linen tunics at They International and summer bottoms from [Pa]:Plus
for a mere US$25 per piece and comfy-but-fashion
forward sandals from Ficce Design Studio.
After several hours of shopping and dining out at some
of Seoul’s more fashionable establishments, it’s easy to find the
uniform of young Korean women irresistable: ultra-feminine, defined
by ruffles, bows, lace trims and flowing fabrics, whether the individual
prefers a clean preppy look, a girly ladies-who-lunch look or something
more edgy and modern. That said, the honest truth is that this look
does not always work head-to-toe on curvier figures (like my imposing
5 ft 8 in, size 10 US frame). More
frustrating still, sizes are limited (though many of Doota’s offerings
were forgiving and more generous with larger and European sizes).
When it comes to skin care products and treatments,
however, there is happily something for everybody to take home and
enjoy. Sharon introduced me and my enthusiastic Brazilian colleagues
to the Story of Whoo and its younger sister brand O’Hui, both offering
sunscreen products that were at once luxuriant and state-of-the-art.
However, with Korea as a noted international centre
for day spa, medi-spa and cosmetic surgery innovation, other guides
from the KTO noted many visitors have
come to Seoul for more permanent souvenirs.
To give us a taste of the country’s emerging beautycosmetic
tourism segment, we were bee-lined soon after our arrival in Korea
to Seoul’s Anacli Centre, widely acclaimed for its treatments and
private-label anti-ageing skin care products for men and women.
Though the centre was nicely appointed, and had plenty of free copies
of Heren to pour over in the waiting room, the treatments
were relaxing, simple and administered by calm, attentive practictionersexactly
what you’d want after an 11-plus-hour flight. Though I indulged
in my stash of O’Hui powder sunscreen at the glamorous Busan branch
of Shinsegae, my Brazilian fellow travelers wisely waited until
they hit the duty-free.
Though one cannot totally escape the siren call of Seoul’s
buffet of labels and luxury shopping, experiencing Busan and Jeju-Do
offer wonderfully laid-back facets of the Korean lifestyle as well
as spectacular scenery and cultural offerings very different from
Seoul’s cosmopolitan sprawl. Plus, getting to Busan gives one an
excuse to ride the real life KTX “Seoul
Train”, which includes panoramic views, cookies and unlimited wifi
in the first-class section seats for a few extra dollars.
Busan has its beachy and remarkably international aspects
(Germans, Americans, New Zealanders and Australians intermixed freely
with locals at Haenundae Beachsomething Sharon was quite pleasantly
surprised by; the UN Cemetery and
war memorials) as well as a well-appointed shopping district (anchored
by Lotte and Shinsegae). However, the real centre of interest is
the Jagalchi Fish Market and downtown streets more commonly
frequented by locals (where my Brazilian friends found true bargains
on their favourite athletic shoe and clothing brands, in colour
combinations very different from what they could get at home, and
I snagged an organic cotton tunic from the local branch of Dolsilnai,
a “traditional” chain of clothing stories now looking for younger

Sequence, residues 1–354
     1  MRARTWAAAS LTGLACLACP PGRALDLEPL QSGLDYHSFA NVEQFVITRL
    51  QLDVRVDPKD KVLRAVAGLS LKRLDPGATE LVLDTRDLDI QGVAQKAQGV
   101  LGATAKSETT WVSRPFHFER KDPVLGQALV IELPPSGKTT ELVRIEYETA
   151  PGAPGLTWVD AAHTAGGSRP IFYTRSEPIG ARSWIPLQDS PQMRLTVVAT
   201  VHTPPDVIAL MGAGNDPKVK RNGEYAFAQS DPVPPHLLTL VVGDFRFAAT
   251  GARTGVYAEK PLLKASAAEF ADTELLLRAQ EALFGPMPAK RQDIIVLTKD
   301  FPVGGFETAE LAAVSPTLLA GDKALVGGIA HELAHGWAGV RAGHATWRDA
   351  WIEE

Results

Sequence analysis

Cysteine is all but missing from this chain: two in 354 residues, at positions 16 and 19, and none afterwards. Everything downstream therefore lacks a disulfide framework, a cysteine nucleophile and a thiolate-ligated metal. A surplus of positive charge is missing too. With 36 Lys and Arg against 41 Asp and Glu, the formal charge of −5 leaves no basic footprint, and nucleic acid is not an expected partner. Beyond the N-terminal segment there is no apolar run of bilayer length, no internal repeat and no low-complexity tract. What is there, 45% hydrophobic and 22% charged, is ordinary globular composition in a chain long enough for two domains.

Jeju-Do, even with patches of in-your-face romance engineered
for the bustling Korean wedding and honeymoon markets and well-heeled
families with young kids, is a lovely breath of fresh air. What’s
most memorable about the UNESCO Heritage-certified
site island are its wide-open rural spaces, heavenly stretches of
coastline, agricultural flavour and an intoxicating smell of jasmine
in bloom and citrus that permeates the entire island.
There are also many ways visitors can experience Love,
Korean Style. It’s fun to see that so many Korean newlyweds
so committed to one another, they even sport colour-coordinated
or identical outfits. Most Korean films shot in Jeju are love stories,
and markers indicate the spots were key scenes were shot so newly
married fans can create their own Kodak moments. However, so many
park areas are so breathtaking, all visiting couples will need is
their sense of adventure at such places as Chonjiyeon Waterfalls,
and the Yongmeori Coast.
While the Lotte Resort puts travellers, honeymooning
or otherwise, in the lap of over-the-top east-meets-west luxury,
Shilla offers a more modern and subdued form of five-star glamour.
The Hyatt is old school Hyatt (down to its airy 1970s trademark
atrium) accessorized with 21st century amenities. Visitors also
have the option of staying in authentic pension-style accommodations,
as well as venturing away from their comfy rooms for rich cultural
and natural highs–from Chung Gye Chang Stream and Yongsuam Rock
and a rigorous hike up to Seongsan Ilchulbong (Sunset Peak) to the
O’Sulloc Tea Museum (Sharon recommends the soft-serve green tea
ice cream, while our Brazilian friends loved the boutique stocked
with wonderfully packaged, nicely priced exotic teas and skin-care
products) to a vibrant collection of art galleries and cultural
museums such as the Folk and Natural History Museum.
In presenting its best face to the outside, the KTO
and Korea’s hospitality industry tap effectively into a culture
that is now a masterful blend of history and modernism. However,
to fully appreciate these efforts, like Dr Moon and his team at
the Anacli Clinic, you have to look below the surface to get a real
sense of Korea’s value on quality of life. It’s not just found in
hotels, restaurants and stores, but also in the meticulous attention
to cleanliness in many public spaces, to friendliness of people
on the street to the futuristic Incheon Airport (see right column).
Though we all may have differences of opinion of how
important luxury is, living well is an absolute necessity, and seeing
that mindset in action is fascinating.
For more information, visit www.visitkorea.or.kr
Incheon International Airport: the only way to pre-ﬂy
Elyse Glickman is US West Coast editor of Lucire.